Q: Which version of the Rituale Romanum is allowed by Summorum Pontificum, and does it allow for any English texts?
A. While many rightly focus on Summorum Pontificum’s restoration of the Missal of St. John XXIII as an “extraordinary expression” of the Roman Rite, it is often overlooked that Pope Benedict’s motu proprio likewise reestablished the use of the other pre-conciliar liturgical books, one of which was the Rituale Romanum (“Rituale”). The lone reference to the Rituale is found in article 9, §1 of Summorum Pontificum. Here pastors are granted permission “to use the older ritual in administering the Sacraments of Baptism, Matrimony, Penance and the Anointing of the Sick,” the “older ritual” being the 1952 Rituale, the last typical edition prior to the Second Vatican Council. In addition to the Sacraments, the 2011 instruction on the proper application of Summorum Pontificum by the Pontifical Commission Ecclesia Dei, the document Universae Ecclesiae, clarifies that the Rituale can be used in its entirety (35). The Rituale was a sacerdotal book containing all of the rites typically celebrated by the priest. For ceremonies pertaining to the bishop, a separate liturgical book was used: the Pontificale. Thus, in addition to the administration of the aforementioned Sacraments, the Rituale contained the rites related to Christian burial, deputed exorcisms, and the majority of blessings. The section on blessings, the De benedictionibus (Tit. IX), was by far one of the most substantial of the Rituale, comprising 360 of the liturgical book’s 878 total pages.
Although the formularies found in the 1952 Rituale were in Latin, the Holy See often permitted local Churches to produce their own editions that allowed for some use of the vernacular. A local edition, referred to as a Collectio Rituum—or “Collection of Rites”—typically featured a mix of Latin and vernacular texts, and contained all of the rites for Baptism, Matrimony, Penance, and Anointing, as well as some select blessings. This Collectio served as a practical compendium that the priest could use as an alternative to the full Rituale. While the last Collectio approved for use in the United States was issued in 1964, the lone American Collectio permitted according to the norms set by Summorum Pontificum and Universae Ecclesiae appears to be that of 1961. According to these two documents, the use of books in forma extraordinaria is limited to those that were in effect in 1962, the year in which the Second Vatican Council opened.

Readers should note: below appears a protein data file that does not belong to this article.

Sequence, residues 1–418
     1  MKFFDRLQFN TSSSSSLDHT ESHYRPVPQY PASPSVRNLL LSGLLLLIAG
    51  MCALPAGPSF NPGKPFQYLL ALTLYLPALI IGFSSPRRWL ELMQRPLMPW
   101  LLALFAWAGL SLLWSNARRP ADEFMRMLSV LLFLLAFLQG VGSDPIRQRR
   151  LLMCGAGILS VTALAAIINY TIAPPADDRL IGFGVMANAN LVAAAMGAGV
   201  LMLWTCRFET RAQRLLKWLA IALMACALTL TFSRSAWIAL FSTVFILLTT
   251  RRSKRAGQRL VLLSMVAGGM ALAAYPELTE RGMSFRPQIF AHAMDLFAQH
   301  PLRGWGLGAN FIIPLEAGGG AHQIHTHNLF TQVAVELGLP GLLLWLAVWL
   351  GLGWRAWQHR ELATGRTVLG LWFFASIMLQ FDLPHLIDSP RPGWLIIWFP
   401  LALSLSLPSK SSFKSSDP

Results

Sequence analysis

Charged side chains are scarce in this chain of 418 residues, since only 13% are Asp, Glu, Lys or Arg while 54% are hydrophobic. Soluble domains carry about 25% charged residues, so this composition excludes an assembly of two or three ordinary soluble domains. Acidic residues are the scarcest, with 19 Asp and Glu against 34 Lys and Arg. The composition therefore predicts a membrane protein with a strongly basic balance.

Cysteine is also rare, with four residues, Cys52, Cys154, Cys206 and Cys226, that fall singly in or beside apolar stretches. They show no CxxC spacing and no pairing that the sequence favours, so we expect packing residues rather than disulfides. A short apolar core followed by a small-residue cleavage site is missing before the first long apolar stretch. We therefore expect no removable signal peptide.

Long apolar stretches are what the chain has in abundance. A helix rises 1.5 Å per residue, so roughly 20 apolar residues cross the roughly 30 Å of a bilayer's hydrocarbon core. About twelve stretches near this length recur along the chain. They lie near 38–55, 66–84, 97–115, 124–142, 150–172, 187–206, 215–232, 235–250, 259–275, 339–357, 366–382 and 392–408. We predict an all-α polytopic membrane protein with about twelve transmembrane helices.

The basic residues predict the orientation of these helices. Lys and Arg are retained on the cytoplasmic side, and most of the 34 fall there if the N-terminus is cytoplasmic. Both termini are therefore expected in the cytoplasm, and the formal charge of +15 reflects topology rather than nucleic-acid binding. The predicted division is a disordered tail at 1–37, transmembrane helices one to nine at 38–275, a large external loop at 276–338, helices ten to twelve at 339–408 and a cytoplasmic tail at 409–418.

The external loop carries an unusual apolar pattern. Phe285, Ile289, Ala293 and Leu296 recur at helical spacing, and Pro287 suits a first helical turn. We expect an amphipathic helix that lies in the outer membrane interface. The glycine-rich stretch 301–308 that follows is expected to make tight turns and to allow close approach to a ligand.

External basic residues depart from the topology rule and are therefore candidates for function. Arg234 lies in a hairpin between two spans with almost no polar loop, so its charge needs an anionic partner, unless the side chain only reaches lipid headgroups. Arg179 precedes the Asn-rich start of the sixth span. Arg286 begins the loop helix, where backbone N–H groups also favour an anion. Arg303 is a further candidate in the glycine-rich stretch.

Although both the 1961 and the 1964 editions are based on the 1952 typical edition of the Rituale, there are some noticeable differences between the two. While a large number of prayer texts in the 1961 Collectio are permitted in the vernacular, Latin remains obligatory for some texts, particularly those containing sacramental formulae or exorcisms. On the other hand, the 1964 Collectio, which sought to update the 1961 edition according to the norms established by Sacrosanctum Concilium, permits all of the texts to be used in the vernacular, with no restrictions. An example of this easing of the restriction on the use of the vernacular can be seen in the “Blessing of Candles and Throats on the Feast of St. Blaise.” Whereas the 1961 Collectio does not allow the option of saying the blessing of the candles or the blessing of throats in English, the 1964 Collectio does. Indeed, in every instance where the 1961 requires Latin, the 1964 appears to give the vernacular as an alternative. Although the U.S. bishops requested and received permission in 1964 to use an English translation of the entire Rituale Romanum produced by Father Philip Weller and published in 1965 by Bruce Publishing Company, this permission does not appear to satisfy the terminal date of 1962 established by Summorum Pontificum and Universae Ecclesiae. Thus, while the vernacular may be used when giving blessings in the Extraordinary Form, its use is limited only to that which one finds in the 1961 Collectio.
Moreover, apart from easing restriction of the vernacular, the 1961 Collectio also features content that is not found in the 1964 Collectio, and vice versa. For instance, the 1964 Collectio contains a precursor to the RCIA entitled the “Rite for the Baptism of Adults arranged according to the Stages of the Catechumenate” (Ordo Baptismi Adultorum per gradus Catechumenatus Dispositus). Not only is this ordo not found in the Collectio of 1961, but it is likewise not found in the Rituale of 1952, having been devised by the liturgical Consilium following the promulgation of Sacrosanctum Concilium. Furthermore, the selection of blessings in the 1961 Collectio is more ample than those found in the 1964 Collectio. For instance, the 1961 edition features the blessing of a crucifix, of images of our Lord, the Blessed Mother and other saints, of herbs on the Feast of the Assumption, of a harvest, of herds, as well as some reserved blessings delegated to a priest. None of these are found in the 1964 Collectio, probably to account for Sacrosanctum Concilium 79 that called for the decrease in the number of reserved blessings and for the revision of Sacramentals according to the needs of the time.
Thus, given that the norms established by Summorum Pontificum and Universae Ecclesiae, and given the differences that exist between the two editions of the American Collectio, it would appear that a strict reading of the motu proprio and subsequent instruction that set the terminus for the use of liturgical books in forma extraordinaria to those that were in force in 1962, is more in keeping with the mind of the legislator.
Director of Liturgy and Assistant Professor of Liturgy and Sacraments
The Athenaeum of Ohio/Mount St. Mary’s Seminary of the West